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Biogen says trial extension data keep Alzheimer's drug on track

Releases updated results from the PRIME trial of anti-amyloid drug aducanumab


Biogen has continued to drip feed positive data on its Alzheimer's candidate aducanumab, and now says a long-term extension of its phase Ib trial back up its decision to push into phase III with the drug.

The updated results from the PRIME trial of aducanumab - an anti-amyloid drug - now includes data from early Alzheimer's disease patients who have been taking the drug for two to three years, and suggest that they are continuing to see a benefit on the rate of clinical decline, as measured by the Clinical Dementia Rating - Sum of Boxes (CDR-SB) and Mini-Mental State Examination (MMSE) scales.

The new analysis involve a group of patients who received a titrated dose of the drug for two years, and a fixed-dose group treated for three years. In both cases, the benefits on CDR-SB and MMSE extended into the second and third years and tracked significant decreases in amyloid plaque in the brains of patients.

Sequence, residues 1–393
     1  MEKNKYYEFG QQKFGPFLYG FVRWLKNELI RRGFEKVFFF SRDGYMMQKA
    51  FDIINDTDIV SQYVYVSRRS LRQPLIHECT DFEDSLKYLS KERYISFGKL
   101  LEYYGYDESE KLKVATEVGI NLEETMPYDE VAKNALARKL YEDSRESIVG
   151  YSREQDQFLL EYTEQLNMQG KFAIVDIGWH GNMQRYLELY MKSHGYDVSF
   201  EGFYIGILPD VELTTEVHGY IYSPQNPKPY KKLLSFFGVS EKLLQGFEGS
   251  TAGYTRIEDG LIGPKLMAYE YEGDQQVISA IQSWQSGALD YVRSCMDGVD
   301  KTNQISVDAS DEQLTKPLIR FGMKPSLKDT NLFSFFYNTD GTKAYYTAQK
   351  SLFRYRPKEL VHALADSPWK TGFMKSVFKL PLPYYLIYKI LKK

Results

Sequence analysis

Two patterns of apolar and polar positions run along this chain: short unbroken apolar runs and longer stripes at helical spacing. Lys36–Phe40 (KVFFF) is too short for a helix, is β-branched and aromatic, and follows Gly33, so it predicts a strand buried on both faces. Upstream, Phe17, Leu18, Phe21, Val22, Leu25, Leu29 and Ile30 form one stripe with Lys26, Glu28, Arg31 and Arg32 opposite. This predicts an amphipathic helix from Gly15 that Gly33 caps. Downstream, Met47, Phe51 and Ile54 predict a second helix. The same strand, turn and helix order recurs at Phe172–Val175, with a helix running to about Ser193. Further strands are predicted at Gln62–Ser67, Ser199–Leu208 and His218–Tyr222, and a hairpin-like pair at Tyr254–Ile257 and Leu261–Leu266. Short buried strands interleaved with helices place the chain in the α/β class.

The incidence of the most significant side effect seen with aducanumab - ARIA-E (a form of oedema in the brain) - remained in line with earlier data on the drug and according to Biogen was "typically asymptomatic, and most patients continued in the study".

The results comes from a small study of just over 190 patients, so should be interpreted with caution, particularly as there is a long list of amyloid-targeting drugs have been abandoned for failing to reduce the decline in memory and cognition that accompany Alzheimer's disease, including Eli Lilly's solanezumab. With each failure, voices suggesting the hypothesis that amyloid deposits drive the disease is flawed get a little louder.

But with great risk comes the potential for great reward, and EvaluatePharma recently suggested that aducanumab could be the most valuable drug in pharma's pipeline if it makes it through to regulatory approval. The drug has already been entered into the EMA's PRIME programme, and been fast-tracked by the FDA and Japanese regulatory authorities.

Aducanumab is currently being evaluated in two global Phase III studies, ENGAGE and EMERGE, with the first data emerging sometime after 2020. If all goes according to plan EvaluatePharma thinks aducanumab could quickly rack up $1.5bn or more in sales by 2022, with plenty of further growth to come.

In the wake of the solanezymab disappointment, SI Evercore analyst John Scotti said it seems aducanumab removes around ten times as much amyloid in the CNS as Lilly's drug, saying the negative trial had "minimal to no negative read across to the amyloid hypothesis".

Aducanumab acts differently than solanezumab, which was designed to mop up the peptide in the blood rather than break down already-formed amyloid plaques in the central nervous system directly.

Article by
Phil Taylor

30th August 2017

From: Research



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